GM is bringing in Anton Valukas, the Chicago lawyer who led the court-ordered investigation of the Lehman Brothers collapse in 2008, as it tries to persuade consumers, regulators and lawmakers that it is responding rapidly. GM wants to avoid the kind of costly, damaging scandal that engulfed Toyota Motor Corp. in 2010 after the Japanese auto maker recalled millions of vehicles for problems related to unintended acceleration.
GM initiated a recall on Feb. 13, saying a faulty ignition switch could partially turn off certain vehicles while they were being driven, disabling their air bags. Drivers have since claimed the cars could become difficult to steer when the switch malfunctioned, resulting in accidents.
On Monday, GM launched a website to provide customers with information about the recall, warning owners of the affected vehicles to remove extra weight off their car ignition keys. The National Highway Traffic Safety Administration has given the auto maker until April 3 to answer 107 questions about its handling of the problem.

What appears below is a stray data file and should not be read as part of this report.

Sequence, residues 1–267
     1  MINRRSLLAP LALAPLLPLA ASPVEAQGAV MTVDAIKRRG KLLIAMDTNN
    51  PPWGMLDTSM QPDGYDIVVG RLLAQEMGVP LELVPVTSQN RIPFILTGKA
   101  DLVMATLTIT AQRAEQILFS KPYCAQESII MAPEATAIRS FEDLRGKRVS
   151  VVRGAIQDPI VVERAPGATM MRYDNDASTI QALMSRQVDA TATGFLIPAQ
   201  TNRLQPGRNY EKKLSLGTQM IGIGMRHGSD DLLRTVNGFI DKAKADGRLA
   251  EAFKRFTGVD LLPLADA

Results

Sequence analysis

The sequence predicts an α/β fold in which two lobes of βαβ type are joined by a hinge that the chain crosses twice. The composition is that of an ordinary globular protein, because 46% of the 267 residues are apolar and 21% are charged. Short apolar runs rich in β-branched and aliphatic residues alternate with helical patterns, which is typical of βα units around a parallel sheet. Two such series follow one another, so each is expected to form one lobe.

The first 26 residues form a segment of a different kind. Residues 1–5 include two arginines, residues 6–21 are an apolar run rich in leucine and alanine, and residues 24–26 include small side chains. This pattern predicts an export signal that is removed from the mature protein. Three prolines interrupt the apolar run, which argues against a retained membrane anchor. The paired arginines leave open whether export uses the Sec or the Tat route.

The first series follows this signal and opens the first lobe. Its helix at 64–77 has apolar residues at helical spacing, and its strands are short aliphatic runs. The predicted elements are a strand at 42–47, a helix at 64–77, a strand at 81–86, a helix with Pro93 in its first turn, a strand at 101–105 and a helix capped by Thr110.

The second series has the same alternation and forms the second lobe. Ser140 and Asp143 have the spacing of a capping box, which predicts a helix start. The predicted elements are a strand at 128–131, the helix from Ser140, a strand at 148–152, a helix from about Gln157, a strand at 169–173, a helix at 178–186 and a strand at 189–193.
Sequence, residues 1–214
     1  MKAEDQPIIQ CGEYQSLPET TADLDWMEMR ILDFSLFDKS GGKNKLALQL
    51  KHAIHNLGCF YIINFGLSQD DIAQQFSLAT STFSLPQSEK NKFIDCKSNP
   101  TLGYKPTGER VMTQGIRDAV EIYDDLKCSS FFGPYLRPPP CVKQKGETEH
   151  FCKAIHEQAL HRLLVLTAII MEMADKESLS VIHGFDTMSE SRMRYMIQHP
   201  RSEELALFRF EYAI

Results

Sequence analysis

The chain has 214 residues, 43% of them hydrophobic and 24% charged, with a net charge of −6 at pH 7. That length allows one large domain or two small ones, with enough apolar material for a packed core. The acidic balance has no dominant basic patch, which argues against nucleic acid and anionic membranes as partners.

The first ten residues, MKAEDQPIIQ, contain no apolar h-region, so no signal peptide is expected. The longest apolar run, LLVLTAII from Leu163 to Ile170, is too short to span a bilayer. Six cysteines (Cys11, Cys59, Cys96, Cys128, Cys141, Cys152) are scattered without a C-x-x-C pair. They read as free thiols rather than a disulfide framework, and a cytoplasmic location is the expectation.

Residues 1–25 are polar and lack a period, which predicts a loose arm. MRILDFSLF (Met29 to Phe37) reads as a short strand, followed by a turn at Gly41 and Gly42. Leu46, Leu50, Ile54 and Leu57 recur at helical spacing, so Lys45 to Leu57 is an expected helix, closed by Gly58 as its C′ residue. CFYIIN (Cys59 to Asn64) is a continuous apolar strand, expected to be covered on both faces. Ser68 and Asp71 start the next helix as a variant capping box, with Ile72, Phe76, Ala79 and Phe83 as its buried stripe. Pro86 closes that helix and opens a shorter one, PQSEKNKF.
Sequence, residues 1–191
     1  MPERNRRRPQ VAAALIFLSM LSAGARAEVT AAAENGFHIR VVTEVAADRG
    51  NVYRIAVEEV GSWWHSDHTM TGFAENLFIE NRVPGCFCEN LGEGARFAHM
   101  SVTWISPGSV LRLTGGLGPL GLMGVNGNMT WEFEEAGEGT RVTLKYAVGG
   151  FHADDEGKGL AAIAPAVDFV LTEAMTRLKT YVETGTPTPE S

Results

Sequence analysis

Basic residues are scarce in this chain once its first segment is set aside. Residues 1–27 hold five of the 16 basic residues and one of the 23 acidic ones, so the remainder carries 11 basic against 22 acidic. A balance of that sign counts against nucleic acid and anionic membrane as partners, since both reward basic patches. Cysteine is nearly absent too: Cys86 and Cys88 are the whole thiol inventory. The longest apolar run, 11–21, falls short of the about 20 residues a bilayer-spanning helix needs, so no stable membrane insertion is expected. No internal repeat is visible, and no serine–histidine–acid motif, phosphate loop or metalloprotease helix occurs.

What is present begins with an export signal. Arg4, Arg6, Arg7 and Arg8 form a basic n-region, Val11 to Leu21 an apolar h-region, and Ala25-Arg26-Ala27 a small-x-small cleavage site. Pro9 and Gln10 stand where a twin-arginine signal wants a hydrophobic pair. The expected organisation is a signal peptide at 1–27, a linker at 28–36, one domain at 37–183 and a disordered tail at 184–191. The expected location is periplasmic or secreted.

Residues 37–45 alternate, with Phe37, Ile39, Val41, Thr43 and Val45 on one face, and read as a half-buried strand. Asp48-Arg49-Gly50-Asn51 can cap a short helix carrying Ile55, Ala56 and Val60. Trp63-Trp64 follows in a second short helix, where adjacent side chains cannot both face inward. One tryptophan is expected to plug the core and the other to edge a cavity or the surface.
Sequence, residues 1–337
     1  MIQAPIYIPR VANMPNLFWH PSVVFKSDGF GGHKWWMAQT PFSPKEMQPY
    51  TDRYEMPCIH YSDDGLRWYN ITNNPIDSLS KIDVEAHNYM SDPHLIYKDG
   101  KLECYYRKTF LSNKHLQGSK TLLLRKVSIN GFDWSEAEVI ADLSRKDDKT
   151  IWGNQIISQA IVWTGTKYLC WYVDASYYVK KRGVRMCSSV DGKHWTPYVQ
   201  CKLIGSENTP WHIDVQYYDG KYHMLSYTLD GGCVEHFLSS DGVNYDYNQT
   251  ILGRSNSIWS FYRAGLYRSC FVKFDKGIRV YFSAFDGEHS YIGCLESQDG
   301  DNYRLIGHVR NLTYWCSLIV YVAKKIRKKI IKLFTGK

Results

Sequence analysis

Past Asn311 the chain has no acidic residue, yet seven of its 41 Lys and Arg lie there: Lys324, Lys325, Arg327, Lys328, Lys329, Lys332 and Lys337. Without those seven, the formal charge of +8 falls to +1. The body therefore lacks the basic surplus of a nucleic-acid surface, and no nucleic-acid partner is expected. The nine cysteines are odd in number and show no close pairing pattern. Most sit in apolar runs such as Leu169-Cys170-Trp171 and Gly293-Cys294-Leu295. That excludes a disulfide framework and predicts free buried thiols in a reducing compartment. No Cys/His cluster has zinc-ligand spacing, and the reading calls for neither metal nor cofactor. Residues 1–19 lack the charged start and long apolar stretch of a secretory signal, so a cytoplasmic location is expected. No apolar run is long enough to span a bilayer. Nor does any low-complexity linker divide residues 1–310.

GM employees knew about the defect as early as 2004. The company has released a chronology sketching out in broad terms how the faulty switch was discovered and how the issue bounced around within its engineering division. The company’s disclosures to date don’t reveal who was responsible for the timing of the recall.
Meanwhile, the NHTSA hasn’t said why it didn’t take action after one of its own officials pointed out the potential problem during a March 2007 meeting. NHTSA officials have declined to comment on the meeting or provide any documentation about it.
The issues prompted a House committee to begin an investigation into what General Motors knew and when. Matthew L. Wald and Bill Vlasic had this story in the New York Times:
A House committee has started an investigation into the response by General Motors and federal safety regulators to complaints about faulty ignition switches that have been linked to 13 deaths, officials said on Monday.